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A Labor of Love: 2019’s Israel & Overseas Allocations
Determining how best to support Israel and Jewish communities in need across the globe with funds from the Jewish Federation of Cincinnati’s Annual Campaign is a labor of love for the fifteen members of the Israel and Overseas (I&O) Committee. In 2019 the Federation raised $1.8 million to fund Jewish programming outside of the United States—something volunteer and professional leaders feel is critical to remaining connected as a people.
“It is critical to invest in Israel and overseas, in programs that fight global Jewish poverty, connect the Jewish people, rescue Jews at risk, and ensure an Israeli democracy dedicated to Jewish pluralism,” said Barb Miller, Director of Community Building.
“Israel is our Jewish homeland,” added I&O co-chair Bonnie Ullner. “As Jews living in the Diaspora, it is to our benefit to stay connected to our Jewish homeland and promote the values we hold dear—like religious choice in marriage. We’re all in this together. I can’t imagine a world where American Jewry isn’t supporting Jews in Israel.”
That support is allocated in two ways. The majority of Federation funding supports the work of national organizations working in Israel and in at risk Jewish communities across the world on behalf of the Jewish Federation of Cincinnati and other North American federations.
The Jewish Agency for Israel (JAFI) helps connect the global Jewish family by bringing Jews to Israel, and Israel to Jews, by providing meaningful Israel engagement, and by facilitating Aliyah.
“Through our funding of JAFI, we are able to build real relationships between Cincinnati and Israel, including our partnership city of Netanya,” said Marcie Bachrach, I&O Vice President. “Our Partnership2Gether program, Israeli Emissary, and our Chaverim M’Israel are supported by these funds—all of which create lasting people-to-people connections.”
The American Jewish Joint Distribution Committee (JDC) works in impoverished Jewish communities around the world—including the Ukraine, Venezuela, and Ethiopia—to alleviate hunger and hardship, rescue Jews in danger, create lasting connections to Jewish life, and help Israel overcome the social challenges of its most vulnerable citizens, both Jewish and non-Jewish.
A smaller amount is allocated to grassroots organizations in Israel that support religious pluralism and the diverse expressions of Jewish identity, and this year five organizations were selected. Sixty-three Israeli organizations requested funding from the Jewish Federation for this purpose. Amnon Maggid, our community’s emissary from Israel, along with Noga Maliniak, our representative in Israel, researched all the organizations and narrowed the list to 35. The Federation’s Israel Center professionals, along with Bachrach and the I&O co-chairs and professionals further trimmed the list then distributed the contending proposals to committee members.
“Then our committee dug into each application,” Bachrach said. “We improved our method of assessment, allowing us to be more objective and comprehensive in our review of each project. Ultimately, we were able to fund five grassroots projects and three additional projects through JAFI and JDC.”
“The investment in the process this time around was really impressive,” added David Weiskopf, I&O co-chair. “It was a great team, and I think we made decisions that will have the deepest impact.”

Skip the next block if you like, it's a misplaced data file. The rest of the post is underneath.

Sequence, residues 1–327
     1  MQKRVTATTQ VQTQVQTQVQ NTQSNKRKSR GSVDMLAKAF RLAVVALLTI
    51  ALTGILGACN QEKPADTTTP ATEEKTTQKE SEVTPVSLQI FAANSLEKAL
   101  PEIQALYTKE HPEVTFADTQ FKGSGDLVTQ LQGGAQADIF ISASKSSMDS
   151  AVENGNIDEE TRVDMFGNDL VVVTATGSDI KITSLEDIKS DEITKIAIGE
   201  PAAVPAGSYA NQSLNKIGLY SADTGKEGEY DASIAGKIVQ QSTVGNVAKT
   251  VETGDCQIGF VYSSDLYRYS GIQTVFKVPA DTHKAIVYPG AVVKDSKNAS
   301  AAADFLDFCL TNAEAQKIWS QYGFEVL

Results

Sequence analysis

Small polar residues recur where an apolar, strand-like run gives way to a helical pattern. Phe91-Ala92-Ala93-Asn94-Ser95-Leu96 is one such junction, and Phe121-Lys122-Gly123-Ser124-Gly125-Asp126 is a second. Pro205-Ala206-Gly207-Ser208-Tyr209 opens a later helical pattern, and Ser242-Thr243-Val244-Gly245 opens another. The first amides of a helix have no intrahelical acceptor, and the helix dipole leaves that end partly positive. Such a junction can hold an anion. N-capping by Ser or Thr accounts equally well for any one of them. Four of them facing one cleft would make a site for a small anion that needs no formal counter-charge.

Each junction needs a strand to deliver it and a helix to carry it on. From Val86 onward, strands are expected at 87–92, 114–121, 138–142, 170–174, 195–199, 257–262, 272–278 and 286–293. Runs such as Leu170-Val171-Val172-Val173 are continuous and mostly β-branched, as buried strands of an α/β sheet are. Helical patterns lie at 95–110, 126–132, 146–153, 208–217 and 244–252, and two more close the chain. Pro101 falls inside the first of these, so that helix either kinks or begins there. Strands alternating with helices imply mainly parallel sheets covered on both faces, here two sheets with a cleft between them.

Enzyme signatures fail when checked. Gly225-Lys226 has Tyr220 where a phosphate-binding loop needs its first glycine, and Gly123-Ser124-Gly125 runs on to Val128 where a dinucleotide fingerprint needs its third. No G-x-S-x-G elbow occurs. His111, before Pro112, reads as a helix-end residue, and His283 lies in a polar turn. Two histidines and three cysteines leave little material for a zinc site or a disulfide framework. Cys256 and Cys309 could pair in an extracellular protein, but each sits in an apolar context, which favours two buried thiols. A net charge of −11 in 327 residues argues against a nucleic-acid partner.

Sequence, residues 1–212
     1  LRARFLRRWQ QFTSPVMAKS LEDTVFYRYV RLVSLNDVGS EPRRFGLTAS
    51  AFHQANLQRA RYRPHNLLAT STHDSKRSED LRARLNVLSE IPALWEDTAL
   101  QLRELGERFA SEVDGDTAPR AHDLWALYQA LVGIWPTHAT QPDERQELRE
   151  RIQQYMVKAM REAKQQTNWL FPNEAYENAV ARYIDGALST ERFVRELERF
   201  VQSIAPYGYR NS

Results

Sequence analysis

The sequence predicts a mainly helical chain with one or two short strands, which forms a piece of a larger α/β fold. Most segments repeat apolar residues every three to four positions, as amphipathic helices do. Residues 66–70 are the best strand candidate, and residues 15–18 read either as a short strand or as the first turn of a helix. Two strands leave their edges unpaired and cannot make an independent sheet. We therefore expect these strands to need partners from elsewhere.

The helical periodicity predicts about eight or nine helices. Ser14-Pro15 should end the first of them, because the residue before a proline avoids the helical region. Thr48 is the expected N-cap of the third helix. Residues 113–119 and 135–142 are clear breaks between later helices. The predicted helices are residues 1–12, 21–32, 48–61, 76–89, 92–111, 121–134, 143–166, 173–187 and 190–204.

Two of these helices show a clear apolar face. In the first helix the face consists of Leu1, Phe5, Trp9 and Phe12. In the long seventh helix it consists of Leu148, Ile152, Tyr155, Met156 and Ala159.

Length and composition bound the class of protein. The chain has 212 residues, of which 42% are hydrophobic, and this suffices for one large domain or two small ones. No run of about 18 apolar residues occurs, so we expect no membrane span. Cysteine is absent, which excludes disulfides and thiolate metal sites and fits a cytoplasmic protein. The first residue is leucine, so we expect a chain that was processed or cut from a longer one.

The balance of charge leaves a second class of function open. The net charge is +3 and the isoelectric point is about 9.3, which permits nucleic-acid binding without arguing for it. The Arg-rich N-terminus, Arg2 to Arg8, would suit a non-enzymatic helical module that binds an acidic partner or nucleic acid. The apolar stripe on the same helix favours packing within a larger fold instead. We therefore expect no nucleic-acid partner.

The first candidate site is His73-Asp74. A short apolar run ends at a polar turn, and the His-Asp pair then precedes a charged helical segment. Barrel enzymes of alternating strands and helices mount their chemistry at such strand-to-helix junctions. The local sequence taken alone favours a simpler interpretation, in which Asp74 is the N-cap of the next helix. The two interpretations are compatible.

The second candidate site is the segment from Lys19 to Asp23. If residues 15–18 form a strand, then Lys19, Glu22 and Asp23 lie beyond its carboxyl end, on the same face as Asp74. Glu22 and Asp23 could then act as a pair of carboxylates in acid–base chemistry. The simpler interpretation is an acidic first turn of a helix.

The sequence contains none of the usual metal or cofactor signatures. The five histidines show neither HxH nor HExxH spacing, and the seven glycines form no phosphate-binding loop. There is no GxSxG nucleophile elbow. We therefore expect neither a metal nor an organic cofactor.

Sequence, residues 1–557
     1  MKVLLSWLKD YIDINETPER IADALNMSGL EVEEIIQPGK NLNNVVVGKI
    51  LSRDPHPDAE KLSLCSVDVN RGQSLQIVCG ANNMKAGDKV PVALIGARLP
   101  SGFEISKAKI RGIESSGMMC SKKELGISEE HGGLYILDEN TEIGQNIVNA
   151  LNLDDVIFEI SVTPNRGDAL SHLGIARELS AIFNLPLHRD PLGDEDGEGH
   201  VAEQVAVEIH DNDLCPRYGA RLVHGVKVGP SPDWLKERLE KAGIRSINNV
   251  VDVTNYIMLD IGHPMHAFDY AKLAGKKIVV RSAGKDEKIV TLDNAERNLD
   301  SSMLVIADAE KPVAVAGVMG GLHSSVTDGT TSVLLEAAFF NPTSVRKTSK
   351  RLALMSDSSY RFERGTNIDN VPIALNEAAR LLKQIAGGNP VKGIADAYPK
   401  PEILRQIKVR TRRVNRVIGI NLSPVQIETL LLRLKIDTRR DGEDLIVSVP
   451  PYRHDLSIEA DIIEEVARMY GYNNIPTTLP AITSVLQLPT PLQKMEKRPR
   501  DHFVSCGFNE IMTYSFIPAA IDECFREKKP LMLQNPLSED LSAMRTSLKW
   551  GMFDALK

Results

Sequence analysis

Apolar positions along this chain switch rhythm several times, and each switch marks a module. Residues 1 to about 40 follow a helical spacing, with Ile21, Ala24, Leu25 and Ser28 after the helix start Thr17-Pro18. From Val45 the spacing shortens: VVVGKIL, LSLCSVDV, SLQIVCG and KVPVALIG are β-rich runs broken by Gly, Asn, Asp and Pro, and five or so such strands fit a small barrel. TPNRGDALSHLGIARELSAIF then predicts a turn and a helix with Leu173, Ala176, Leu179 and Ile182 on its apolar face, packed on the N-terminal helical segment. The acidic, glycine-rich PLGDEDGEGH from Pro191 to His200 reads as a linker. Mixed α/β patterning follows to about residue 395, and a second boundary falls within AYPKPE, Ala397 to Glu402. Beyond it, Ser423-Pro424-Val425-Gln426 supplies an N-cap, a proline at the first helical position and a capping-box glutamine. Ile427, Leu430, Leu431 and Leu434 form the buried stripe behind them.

This year’s grassroots projects include creating an app for the Chagim Center. This app will bring Jewish traditions—activities, songs, prayers, and Jewish content—directly into parents’ hands for holidays.
Funding will also be provided for the Jewish Renewal Jerusalem Collaborative Hub. It will be used by 10 to 12 different pluralistic organizations to help ensure the city’s future as an open and inclusive one.
In addition, the Federation will continue to support the Israel Religious Expression Platform (iRep). iRep is a national program launched by Kim Heiman just a few years ago. The purpose of this effort is to encourage in Israel religious freedom of choice in marriage. Originally this program received support from 17 federations, and more and more are now coming on board.
“We’re doing something else new this year,” Weiskopf said. “We’ve assigned committee members to each project we have funded, who will have an ongoing dialogue with the organizations in Israel. In years past, once we allocated the funds, we would get a report back every six months or so, but this year, we are looking forward to being much more hands-on.”
“While most of the funding for Israel goes to our partner agencies,” Ullner said, “it’s important to take a small amount and allocate them directly, as a committee, because it lets the volunteers learn and become invested in these programs, measuring the impact as well. In this way, we have a hand in promoting what we feel is important in Israel: religious freedom of choice.
“Anytime you are in the mix and in the decision making process, it becomes much more real and personal. You really understand where your dollars are going.”
Allocating annual campaign funds is a fair, democratic, and participatory process. The Israel and Overseas committee, co-chaired by Bonnie Ullner and David Weiskopf, and led by VP of Israel and Overseas, Marcie Bachrach and Director of Community Building, Barb Miller; Community Building Manager, Sharon Spiegel; and Community Shaliach, Amnon Maggid. The Committee is comprised of 18 volunteers who spend hundreds of hours over several months to make sure your gift goes to the Israel and Overseas programs that most effectively help the most vulnerable, nurture connections with Israel, and protect and energize pluralistic Jewish life locally and in Israel. They make sure your gift is used wisely and with the greatest impact. For more information about allocations, visit jewishcincinnati.org/allocations.